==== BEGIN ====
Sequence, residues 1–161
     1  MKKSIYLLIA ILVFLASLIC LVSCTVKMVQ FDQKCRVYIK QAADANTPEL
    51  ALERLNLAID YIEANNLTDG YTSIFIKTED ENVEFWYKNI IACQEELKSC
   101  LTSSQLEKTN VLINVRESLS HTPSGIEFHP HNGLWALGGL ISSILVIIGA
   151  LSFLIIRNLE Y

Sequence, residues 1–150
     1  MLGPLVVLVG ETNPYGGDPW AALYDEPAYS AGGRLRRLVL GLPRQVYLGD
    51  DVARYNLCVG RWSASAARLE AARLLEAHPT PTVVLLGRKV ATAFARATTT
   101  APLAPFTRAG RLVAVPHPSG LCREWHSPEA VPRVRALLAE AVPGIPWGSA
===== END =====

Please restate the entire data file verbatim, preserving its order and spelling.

Sequence, residues 1–161
     1  MKKSIYLLIA ILVFLASLIC LVSCTVKMVQ FDQKCRVYIK QAADANTPEL
    51  ALERLNLAID YIEANNLTDG YTSIFIKTED ENVEFWYKNI IACQEELKSC
   101  LTSSQLEKTN VLINVRESLS HTPSGIEFHP HNGLWALGGL ISSILVIIGA
   151  LSFLIIRNLE Y

Sequence, residues 1–150
     1  MLGPLVVLVG ETNPYGGDPW AALYDEPAYS AGGRLRRLVL GLPRQVYLGD
    51  DVARYNLCVG RWSASAARLE AARLLEAHPT PTVVLLGRKV ATAFARATTT
   101  APLAPFTRAG RLVAVPHPSG LCREWHSPEA VPRVRALLAE AVPGIPWGSA